Phase 2 Incident Action Plan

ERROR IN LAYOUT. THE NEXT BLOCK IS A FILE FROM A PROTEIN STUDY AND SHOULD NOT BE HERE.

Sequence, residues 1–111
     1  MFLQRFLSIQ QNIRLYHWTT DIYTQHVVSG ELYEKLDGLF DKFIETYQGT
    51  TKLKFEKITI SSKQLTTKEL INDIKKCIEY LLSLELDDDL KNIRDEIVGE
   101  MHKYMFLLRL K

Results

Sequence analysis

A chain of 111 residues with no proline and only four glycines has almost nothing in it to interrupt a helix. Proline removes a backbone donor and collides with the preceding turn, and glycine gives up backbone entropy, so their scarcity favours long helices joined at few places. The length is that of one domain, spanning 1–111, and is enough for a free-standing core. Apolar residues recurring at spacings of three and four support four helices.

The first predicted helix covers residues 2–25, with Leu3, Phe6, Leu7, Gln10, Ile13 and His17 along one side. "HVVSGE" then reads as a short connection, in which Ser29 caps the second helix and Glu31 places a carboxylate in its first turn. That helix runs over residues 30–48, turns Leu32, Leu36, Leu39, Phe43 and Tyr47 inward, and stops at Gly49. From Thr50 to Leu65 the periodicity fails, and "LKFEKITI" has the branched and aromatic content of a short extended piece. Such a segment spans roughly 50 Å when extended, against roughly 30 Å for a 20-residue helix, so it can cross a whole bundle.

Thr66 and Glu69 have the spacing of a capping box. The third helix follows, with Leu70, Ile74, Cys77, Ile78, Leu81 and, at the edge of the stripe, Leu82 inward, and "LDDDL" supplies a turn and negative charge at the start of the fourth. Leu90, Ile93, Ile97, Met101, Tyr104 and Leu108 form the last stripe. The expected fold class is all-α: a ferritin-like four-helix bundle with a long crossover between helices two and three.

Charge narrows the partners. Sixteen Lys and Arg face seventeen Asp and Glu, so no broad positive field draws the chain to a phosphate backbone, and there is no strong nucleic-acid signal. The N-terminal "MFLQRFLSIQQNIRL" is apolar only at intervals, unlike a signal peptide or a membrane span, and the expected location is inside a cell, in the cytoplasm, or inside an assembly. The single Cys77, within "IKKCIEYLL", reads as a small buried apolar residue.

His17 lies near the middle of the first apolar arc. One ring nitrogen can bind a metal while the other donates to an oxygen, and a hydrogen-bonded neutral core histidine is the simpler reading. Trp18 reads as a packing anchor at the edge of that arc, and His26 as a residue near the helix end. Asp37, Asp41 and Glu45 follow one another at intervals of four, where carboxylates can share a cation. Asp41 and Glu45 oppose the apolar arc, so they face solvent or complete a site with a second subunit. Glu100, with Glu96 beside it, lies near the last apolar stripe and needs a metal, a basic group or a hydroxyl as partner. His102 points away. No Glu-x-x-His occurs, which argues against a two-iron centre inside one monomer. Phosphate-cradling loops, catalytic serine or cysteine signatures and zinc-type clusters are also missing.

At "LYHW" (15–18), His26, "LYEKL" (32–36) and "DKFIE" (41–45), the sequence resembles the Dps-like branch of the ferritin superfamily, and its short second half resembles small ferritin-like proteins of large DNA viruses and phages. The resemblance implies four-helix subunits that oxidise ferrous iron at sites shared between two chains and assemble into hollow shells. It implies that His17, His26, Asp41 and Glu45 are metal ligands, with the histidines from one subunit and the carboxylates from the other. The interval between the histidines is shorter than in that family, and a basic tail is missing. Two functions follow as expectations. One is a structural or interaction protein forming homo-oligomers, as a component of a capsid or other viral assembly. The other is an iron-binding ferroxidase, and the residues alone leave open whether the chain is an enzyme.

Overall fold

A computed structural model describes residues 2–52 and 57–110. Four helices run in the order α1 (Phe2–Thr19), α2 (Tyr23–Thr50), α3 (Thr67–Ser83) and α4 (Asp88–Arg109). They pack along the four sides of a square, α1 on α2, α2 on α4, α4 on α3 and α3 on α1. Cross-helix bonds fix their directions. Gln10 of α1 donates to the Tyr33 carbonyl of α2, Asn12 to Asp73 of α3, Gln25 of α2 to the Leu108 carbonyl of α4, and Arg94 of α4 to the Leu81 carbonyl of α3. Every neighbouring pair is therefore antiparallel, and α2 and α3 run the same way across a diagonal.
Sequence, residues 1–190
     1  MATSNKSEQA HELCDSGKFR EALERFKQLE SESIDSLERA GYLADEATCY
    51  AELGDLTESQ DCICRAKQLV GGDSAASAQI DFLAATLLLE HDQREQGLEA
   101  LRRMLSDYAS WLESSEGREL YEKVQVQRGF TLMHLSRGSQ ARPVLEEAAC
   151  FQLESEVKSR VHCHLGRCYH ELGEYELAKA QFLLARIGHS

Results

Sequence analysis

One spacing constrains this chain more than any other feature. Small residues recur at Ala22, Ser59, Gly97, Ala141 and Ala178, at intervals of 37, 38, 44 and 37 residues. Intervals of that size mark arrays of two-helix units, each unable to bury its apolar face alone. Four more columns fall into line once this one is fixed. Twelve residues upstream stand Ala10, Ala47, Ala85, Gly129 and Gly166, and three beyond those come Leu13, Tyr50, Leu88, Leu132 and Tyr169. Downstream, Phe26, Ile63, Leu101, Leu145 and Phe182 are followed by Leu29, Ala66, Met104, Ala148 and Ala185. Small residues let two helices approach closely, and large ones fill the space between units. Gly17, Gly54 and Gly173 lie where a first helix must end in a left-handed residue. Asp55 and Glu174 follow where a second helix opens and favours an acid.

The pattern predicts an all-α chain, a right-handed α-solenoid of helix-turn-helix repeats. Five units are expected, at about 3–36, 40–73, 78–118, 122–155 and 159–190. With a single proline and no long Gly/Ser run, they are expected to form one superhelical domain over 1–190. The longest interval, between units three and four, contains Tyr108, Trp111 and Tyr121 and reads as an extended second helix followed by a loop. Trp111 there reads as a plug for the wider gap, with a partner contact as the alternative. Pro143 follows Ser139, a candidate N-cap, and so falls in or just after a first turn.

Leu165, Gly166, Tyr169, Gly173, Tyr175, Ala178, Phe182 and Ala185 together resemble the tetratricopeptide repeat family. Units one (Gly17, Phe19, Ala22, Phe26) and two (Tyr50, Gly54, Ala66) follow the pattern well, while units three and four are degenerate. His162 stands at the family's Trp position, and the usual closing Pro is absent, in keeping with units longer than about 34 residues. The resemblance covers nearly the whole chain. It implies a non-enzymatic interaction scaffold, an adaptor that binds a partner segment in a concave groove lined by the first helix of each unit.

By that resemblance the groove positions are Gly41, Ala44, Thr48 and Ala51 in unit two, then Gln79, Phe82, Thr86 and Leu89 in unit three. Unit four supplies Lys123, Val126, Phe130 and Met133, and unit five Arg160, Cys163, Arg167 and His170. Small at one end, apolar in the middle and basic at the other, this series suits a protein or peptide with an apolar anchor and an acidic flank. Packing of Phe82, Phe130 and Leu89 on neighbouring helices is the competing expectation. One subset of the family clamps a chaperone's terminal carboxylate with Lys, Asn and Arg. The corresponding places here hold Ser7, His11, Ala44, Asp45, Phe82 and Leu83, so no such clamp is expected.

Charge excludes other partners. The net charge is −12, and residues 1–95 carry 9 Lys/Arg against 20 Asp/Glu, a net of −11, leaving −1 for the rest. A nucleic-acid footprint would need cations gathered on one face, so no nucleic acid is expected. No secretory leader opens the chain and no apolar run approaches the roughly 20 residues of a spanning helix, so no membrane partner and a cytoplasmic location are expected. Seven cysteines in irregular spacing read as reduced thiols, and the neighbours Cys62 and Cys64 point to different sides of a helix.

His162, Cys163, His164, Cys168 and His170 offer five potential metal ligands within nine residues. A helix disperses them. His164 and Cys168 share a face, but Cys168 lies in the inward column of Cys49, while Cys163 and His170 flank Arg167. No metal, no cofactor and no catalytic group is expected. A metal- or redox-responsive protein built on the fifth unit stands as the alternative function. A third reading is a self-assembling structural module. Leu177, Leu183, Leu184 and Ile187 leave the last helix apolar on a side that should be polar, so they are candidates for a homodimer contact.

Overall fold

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Background and Scenarios for Incident Action Plan Project Little Columbia Southern Island Physical Attributes and Infrastructure Little Columbia Southern Island is a bridgeless barrier island located off the Southwest Coast of the United States. The nearest municipality is a one hour drive from the Columbia Coastal Marina, which then takes 45 minutes to reach the island by ferry or boat. The water between the mainland and the island is designated as a protected wildlife zone by the U. S. Fish and Game Commission. All boat traffic is limited to 15 mph per hour. The island is approximately seven miles in length and varies between 1/8 and 3/8 miles wide. The length and width of the island changes as currents erode and deposit sand along the shoreline. The only vehicles/equipment on the island are electric golf carts used by the residents, one 1930 jeep used to grade the main road, a Coastal Power & Light truck, one sea plane, and fire department apparatus. There are no commercial stores or facilities on the island, which includes food or other amenities. The governing body of the island is an Advisory Board with one person elected from each district of the island representing 2,724 residents. The island is divided equally into five different districts. The advisory board communicates concerns, problems or issues to the Columbia County Commissioner who represents the island. All Advisory Board and community meetings are held in the Coastal Chapel on the island. Rarely do the island residents attend any of the County Commission meetings due to the time and distance to the meetings held on the mainland. The Advisory Board provides a summary list of the issues and considerations for their County Commissioner to present at various hearings and meetings. The island is divided into three distinct mindsets. The northern end of the island will not utilize any governmental agency and refuses to have potable water connected to their homes. The middle of the island is made up of rental properties along the coast and bay. The southern part of the island is made up of residents who have a vision for change by developing the infrastructure to include water and sewer from the mainland. The majority of the island is single-family homes with two condominium developments; combined, both condominiums have 300 units. The condominiums on the bay are protected by a sprinkler system that is supplied from a fire pump connected to the island’s only pond. The island has no public use or facilities for public access. The road system consists of unimproved paths and dirt roads which are maintained by the residents. Many of the unimproved paths and dirt roads only allow vehicular access that is limited to the width of a golf cart. The main roadway system that runs the length of the island will accommodate fire apparatus and the island’s utility truck. Residents that live on the bay side have privately owned docks that extend out past the shallow flats for access to their home. Many of those homes are only accessible from the dock and water. There is only one dock that will accommodate the ferry and fire boat from Columbia County Emergency Services. The ferry is mainly used for transporting people and household garbage from the island to the Columbia Coastal Marina. The infrastructure is very limited with Coastal Power & Light providing electricity and the Coastal Telephone Company providing phone services. Cellular phone coverage is limited due to a lack of cellular towers within close range. Potable water is provided by a privately-owned water company (owned by one of the island residents). The privately-owned water company has a deep well that provides water to 10% of the island residents through a 3-inch water main with 1 ½ inch branches. The four fire hydrants located in the southern part of the island are fed from the fire pump. All the homes in the northern section of the island have individual cisterns that rely on rain as their source of water. Some homes have shallow wells and a reverse osmosis desalinization plant that provides water to 38% of the residents and condominiums. Single-family homes are on septic tanks and drain field systems, except the condominiums which has a wastewater treatment system. All parcels of the island are privately owned by the residents and there are 745 platted lots ranging in various sizes from one tenth of an acre to five acres. The majority of the homes and structures have native vegetation within five feet and no fuel reduction buffers. Several of the residents have pushed for community awareness regarding Firewise principles and a defensible space, keeping wildfire away from homes and structures, but it has been met with resistance. They want the native vegetation to remain in place to have the old coastal look. Part of the concern from those aware of the fire danger are weather patterns and available firefighting resources that would influence the ability to control the fire quickly. Emergency Services Emergency medical services are provided by the Little Columbia Southern Island Fire Department. The fire department has two fulltime career personnel which includes the fire chief and a firefighter/paramedic. Four volunteers from the community provide assistance to the fire department on emergency incidents. The fire department is funded through a non-ad valorem assessment levied on each property and contributions from island residents and visitors during special events held on the island. Law enforcement is provided by the Columbia County Sheriff’s Department. The Little Columbia Southern Island Fire Department was formed after a fatal fire that killed four island residents. The delayed response from Columbia County Emergency Services to the fire occurred after the 9-1-1 call was dropped. The fire was so intense that fire investigators from the State could not determine the cause. Following that fire incident, the island’s Advisory Board met and demanded fire protection. After several meetings with their County Commissioner a solution was proposed to provide limited fire protection and emergency services from the county. The Little Columbia Southern Island Fire Department was able to maintain on-duty status of at least one or more persons 24 hours per day, 7 days a week. In addition, the fire department had to initiate measures to control the emergency while the county provided a full response to the incident, if needed. The Little Columbia Southern Island Fire Department had to also submit a proposed budget for approval during the budgetary process beginning each October 1st. The island’s Advisory Board also serves as the Fire Board with oversight for the fire department. The total budget for the fire department is $220,057.78. Twenty thousand dollars is raised by the volunteers and Advisory Board from the sale of tee-shirts and hats during special events on the island. The fire department is temporarily using one of the rental homes on the island as their station. The station has a small generator which provides power to the radio, refrigerator, and some emergency lights during power outages. Most emergency calls are received by a cellular phone which is carried by the on-duty person at the fire station. Many residents do not trust the Columbia County 9-1-1 Public Address System (PAS) since the communications center dropped the emergency call that resulted in the fatal fire. The fire department utilizes two all-wheel drive pickup trucks converted to fire apparatus and two all-terrain vehicles (ATVs) to access the beach and remote areas of the island Incident Action Plan (IAP) Phase 2 This assignment is Phase 2: Establish Incident Objectives of the IAP. As previously stated, the IAP contains five phases with the final submission due in Unit VIII. See the Unit VIII assignment instructions for more details about the final requirements for the IAP. You will complete Phase 2 in this assignment. Refer to the FEMA Incident Action Planning Guide, specifically Phase 2. For this assignment, you will begin establishing incident objectives of the IAP. Incident objectives are the period of time that drive the incident organization as it conducts response, recovery, and mitigation accomplishments in the IAP. Chapters 5 and 6 of the textbook National Incident Management System: Principles and Practice (pp. 55-66), discuss planning and logistics for establishing incident objectives and the specific incident mission requirements needed to begin Phase 2. Also in this assignment, you will prepare a well-organized and thoughtful summary/narrative consisting of two sections. The first section will consist of a one-to-two-page narrative for Phase 2 of the IAP. This narrative should expand on what you are learning during Phase 2, so you can understand the issues from the emergency services and emergency management. Your narrative will replace the face-to-face meeting that normally occurs during an incident. Discuss immediate direction to staff, and articulate any guidance on how incident operations should proceed. The narrative should provide the following information: objectives for the upcoming operational period; description of the current situation; status of concerns or issues; any constraints, limitations, or shortfalls; and establish incident objectives and strategies. The second section of your summary/narrative will consist of at least two pages in which you summarize the following issues regarding human resources management within your fire service and/or emergency management organization and customer service within your community: 1. Describe the functions of human resources personnel within emergency management. 2. Describe the legal issues that may arise when hiring personnel in emergency management. 3. Outline motivation methods that can be used to retain personnel in emergency management. 4. Explain the importance of customer service to the community, especially in times of distress or grief that may occur after a fire or other emergency incident resulting in loss of life or property. Remember that the incident objectives should be flexible enough to allow for change in any strategic or tactical situation or decision. As part of this process, you will need to complete ICS Form 202 by establishing the objectives based on incident priorities, informed by situational awareness, leader’s intent, and delegations of authority. Any information not provided in the background information, such as agency organization representatives, can be your organization’s personnel or another organization. For Phase 2, download ICS Form ICS 202: Incident Objectives from the IAP Assignment Documents folder in the course menu on Blackboard and enter the data from the background information document and the scenario you have already chosen in Unit III. This information and other resources will enable you to complete Phase 2 of the IAP for submission. You MSE 5201, Advanced Fire Administration 4 will need to go back and revisit Form ICS 202 to ensure that incident objectives are handled consistently. Refer to FEMA Incident Action Planning Guide (pp.19-20), on the incident objectives. Check with your instructor if you are having difficulty with any section of the form. To supplement your discussion and support your writing, you may use information from reputable, reliable journal articles, case studies, scholarly papers, and other sources that you feel are pertinent. You should use at least three sources which can include one or both of your textbooks. All sources used, including the textbook(s), must be referenced; paraphrased and quoted material must have accompanying citations in proper APA style Purchase the answer to view it